History

The hidden gem of EUR

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Palazzo Dei Congressi

 

 

 

 

With the upcoming EXPO I have been thinking a lot about the layout of the would be Rome EXPO of 1942, however as it was never used, there has still never been a World Expo here in Rome, although it has been hosted in Italy four times.

Benito Mussolini, in is hopes of expanding his fascist empire and building a new Rome, as well as in his desire to display the greatness of Italian power to the world, attempted to hold a world exposition here in Rome. It was to be held in 1942, on the 20th anniversary of his March on Rome.  In 1937 construction began to build this new city which would hold this exposition.

The project was called E42 or Esposizione 1942. It was to be built along the Via Imperiale that stretched from the Altare della Patria all the way to Ostia. Today this road is broken into Viale dei Imperiali and Via Cristoforo Colombo.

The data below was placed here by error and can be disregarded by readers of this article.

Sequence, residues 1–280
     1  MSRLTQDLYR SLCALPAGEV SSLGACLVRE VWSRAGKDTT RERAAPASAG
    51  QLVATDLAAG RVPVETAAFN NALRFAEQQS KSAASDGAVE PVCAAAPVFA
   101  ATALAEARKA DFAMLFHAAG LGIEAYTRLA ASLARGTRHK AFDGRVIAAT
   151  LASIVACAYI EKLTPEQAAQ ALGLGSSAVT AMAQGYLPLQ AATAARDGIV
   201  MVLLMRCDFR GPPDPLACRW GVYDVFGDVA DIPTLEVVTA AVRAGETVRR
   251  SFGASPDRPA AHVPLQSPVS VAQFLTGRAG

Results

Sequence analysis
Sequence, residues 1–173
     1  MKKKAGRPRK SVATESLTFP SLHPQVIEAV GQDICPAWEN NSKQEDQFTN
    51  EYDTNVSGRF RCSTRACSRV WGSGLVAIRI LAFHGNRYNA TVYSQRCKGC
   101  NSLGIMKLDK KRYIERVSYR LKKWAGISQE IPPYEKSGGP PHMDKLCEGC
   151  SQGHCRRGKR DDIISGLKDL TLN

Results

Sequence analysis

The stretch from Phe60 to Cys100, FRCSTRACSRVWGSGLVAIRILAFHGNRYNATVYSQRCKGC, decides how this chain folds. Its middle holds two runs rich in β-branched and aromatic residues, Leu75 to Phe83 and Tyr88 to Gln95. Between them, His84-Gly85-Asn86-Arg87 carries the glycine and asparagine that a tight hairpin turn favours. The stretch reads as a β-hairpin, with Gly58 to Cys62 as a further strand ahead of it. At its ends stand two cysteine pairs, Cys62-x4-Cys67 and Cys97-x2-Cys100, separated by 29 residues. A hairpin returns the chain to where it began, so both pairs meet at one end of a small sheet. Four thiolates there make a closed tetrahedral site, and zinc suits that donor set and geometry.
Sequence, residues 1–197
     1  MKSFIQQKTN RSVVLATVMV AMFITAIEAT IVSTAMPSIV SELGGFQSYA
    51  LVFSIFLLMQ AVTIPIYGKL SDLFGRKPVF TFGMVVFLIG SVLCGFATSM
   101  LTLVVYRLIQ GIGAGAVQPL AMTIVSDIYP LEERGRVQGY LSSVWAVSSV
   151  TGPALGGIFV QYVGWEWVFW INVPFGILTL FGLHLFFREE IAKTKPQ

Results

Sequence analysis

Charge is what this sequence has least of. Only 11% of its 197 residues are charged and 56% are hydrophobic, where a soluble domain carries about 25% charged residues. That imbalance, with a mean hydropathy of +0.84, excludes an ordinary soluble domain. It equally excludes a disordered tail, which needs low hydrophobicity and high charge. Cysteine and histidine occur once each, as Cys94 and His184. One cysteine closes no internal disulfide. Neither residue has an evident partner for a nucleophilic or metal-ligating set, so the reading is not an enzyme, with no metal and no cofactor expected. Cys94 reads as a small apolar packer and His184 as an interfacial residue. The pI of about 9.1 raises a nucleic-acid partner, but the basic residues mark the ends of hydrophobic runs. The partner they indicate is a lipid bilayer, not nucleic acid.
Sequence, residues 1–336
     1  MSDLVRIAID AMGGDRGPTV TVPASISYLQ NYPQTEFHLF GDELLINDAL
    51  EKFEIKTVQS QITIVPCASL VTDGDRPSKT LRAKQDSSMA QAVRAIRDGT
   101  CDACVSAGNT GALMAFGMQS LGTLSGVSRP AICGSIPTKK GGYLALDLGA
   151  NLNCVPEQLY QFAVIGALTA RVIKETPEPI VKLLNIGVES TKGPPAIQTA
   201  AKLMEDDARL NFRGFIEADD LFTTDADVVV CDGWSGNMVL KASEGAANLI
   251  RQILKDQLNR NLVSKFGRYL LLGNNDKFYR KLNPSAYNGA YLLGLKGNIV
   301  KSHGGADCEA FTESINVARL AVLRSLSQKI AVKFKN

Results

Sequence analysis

At the same time as this project, Mussolini worked to clear out the center of historic Rome. He believed this would solve two problems. The first was opening the historic Rome, as an image of italianita and grandeur, the second would solve his problem of necessity for modern buildings and housing.

EUR, as it is known today, was Rome’s first major reinvention. While many other cities continuously changed and renovated, Rome was the same as it had always been. This development was a push forward to bring Rome to the same modern field as all other capital cities.

Mussolini entrusted the design of this new city to Marcello Piacentini, a young architect who was the leading designer of fascist architecture. His work was Reactionary, Imperialistic, and Monumental. EUR became a meeting point for Rationalist and Antique architecture, mixing functionality with ancient motifs.

Everything about this city was to mirror Centro Storico. It included elements that paid homage to ancient structures such as the Colosseum and the Forum of Augustus. The entire message of the city is one of authority. This area has been used in a number of films depicting future societies including Equilibrium.